44

I have a class like this:

private class MyClass {
  [DisplayName("Foo/Bar")]
  public string FooBar { get; private set; }
  public string Baz { get; private set; }      
  public bool Enabled;
}

When I create a List<MyClass> and assign it to the DataSource of a DataGridView, the grid shows me two columns, "Foo/Bar" and "Baz". This is what I want to happen.

It currently works because Enabled is a field, not a property - DataGridView will only pick up properties. However, this is a dirty hack.

I would like to make Enabled a property too, but still hide it on the DataGridView.

I know I can manually delete the column after binding.. but that's not ideal.

Is there an attribute similar to DisplayName, that I can tag a property with? Something like [Visible(false)] ?

2 Answers 2

77

[Browsable(false)] will hide a property from a DataGridView.

A visual designer typically displays in the Properties window those members that either have no browsable attribute or are marked with the BrowsableAttribute constructor's browsable parameter set to true. These members can be modified at design time. Members marked with the BrowsableAttribute constructor's browsable parameter set to false are not appropriate for design-time editing and therefore are not displayed in a visual designer. The default is true.

3
  • 3
    That's funny, in my eyes [Bindable(false)] should work and Browsable (according to the help) only defines if a property is shown in the PropertyGrid. But Bindable(false) is ignored by the DataGridView. Jul 1, 2009 at 7:16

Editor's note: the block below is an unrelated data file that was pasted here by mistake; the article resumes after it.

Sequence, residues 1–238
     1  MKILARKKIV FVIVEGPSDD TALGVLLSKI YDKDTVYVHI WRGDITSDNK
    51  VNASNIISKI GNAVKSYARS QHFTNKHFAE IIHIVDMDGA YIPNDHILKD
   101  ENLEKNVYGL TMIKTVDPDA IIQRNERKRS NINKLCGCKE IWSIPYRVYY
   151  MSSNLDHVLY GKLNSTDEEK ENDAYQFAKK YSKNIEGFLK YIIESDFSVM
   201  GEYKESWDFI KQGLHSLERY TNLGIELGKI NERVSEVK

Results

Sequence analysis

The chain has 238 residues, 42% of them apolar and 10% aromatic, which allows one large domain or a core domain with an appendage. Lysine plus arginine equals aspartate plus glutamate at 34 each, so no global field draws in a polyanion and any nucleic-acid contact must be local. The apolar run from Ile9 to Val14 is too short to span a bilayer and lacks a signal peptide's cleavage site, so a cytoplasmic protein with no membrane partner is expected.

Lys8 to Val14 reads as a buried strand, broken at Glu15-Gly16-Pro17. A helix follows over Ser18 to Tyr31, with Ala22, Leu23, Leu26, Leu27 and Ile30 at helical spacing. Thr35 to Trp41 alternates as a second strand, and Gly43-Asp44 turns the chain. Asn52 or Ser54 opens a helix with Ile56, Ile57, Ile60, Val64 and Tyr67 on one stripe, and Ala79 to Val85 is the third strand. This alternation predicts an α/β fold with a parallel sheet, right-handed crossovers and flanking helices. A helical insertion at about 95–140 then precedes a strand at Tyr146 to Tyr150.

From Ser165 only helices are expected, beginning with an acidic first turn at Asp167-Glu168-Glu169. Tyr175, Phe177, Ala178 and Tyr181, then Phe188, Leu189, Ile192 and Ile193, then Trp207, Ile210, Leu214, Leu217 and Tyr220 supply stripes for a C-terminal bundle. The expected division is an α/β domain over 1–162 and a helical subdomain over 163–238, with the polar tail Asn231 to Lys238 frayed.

• 5
    I agree, but after reading (and re-reading) the Framework Design Guidelines (amazon.com/Framework-Design-Guidelines-Conventions-Development/…), I have found that the designers didn't always follow their own rules (and sometimes did things that didn't make sense). Jul 1, 2009 at 12:58
  • All these controls use System.ComponentModel.PropertyDescriptor, and hence they use the same logic for including/excluding members. The ComponentModel classes are customizable, but doing so is rare because it's so much work.
    – Ben Voigt
    Jun 18, 2012 at 18:47
10

I've been blissfully unaware that the System.ComponentModel decorator attributes like BrowsableAttribute and it's kin were related to anything other than binding to a PropertyGrid. (facepalm) I like C-Pound Guru's approach because it allows you to keep your GUI more loosely coupled than what I've done in the past.

Just for a different perspective, the approach I've used for a long time is to pre-define columns in your DataGridView, either programatically or through the Form Designer. When you do this, you can set each column's DataPropertyName to the name of your property. The only trick is that you need to set the DataGridView's AutoGenerateColumns property to false otherwise the DGV will completely ignore your manually created columns. Note that, for whatever reason, the AutoGenerateColumns property is hidden from the Form Designer's Property Grid...no idea why. The one advantage I see to this approach is that you can pre-set the column formatting and such - you don't have to bind and then go tweak column rendering/sizing settings.

Here's an example of what I mean:

_DGV.AutoGenerateColumns = false;
DataGridViewTextBoxColumn textColumn = new DataGridViewTextBoxColumn();
textColumn.DataPropertyName = "FooBar";
textColumn.HeaderText = "Foo/Bar"; // may not need to do this with your DisplayNameAttribute
_DGV.Columns.Add(textColumn);
textColumn = new DataGridViewTextBoxColumn();
textColumn.DataPropertyName = "Baz";

List<MyClass> data = GetMyData();
_DGV.DataSource = data;
2
  • 2
    I am glad to see that I am not the only one who is excluded from accessing the AutoGenerateColumns property via the Form Designer.
    – Derek W
    Oct 1, 2014 at 21:06
  • I'd certainly consider this the best answer. One single code line that does exactly all the job instead of refactoring all my custom classes.... May 28, 2018 at 18:18

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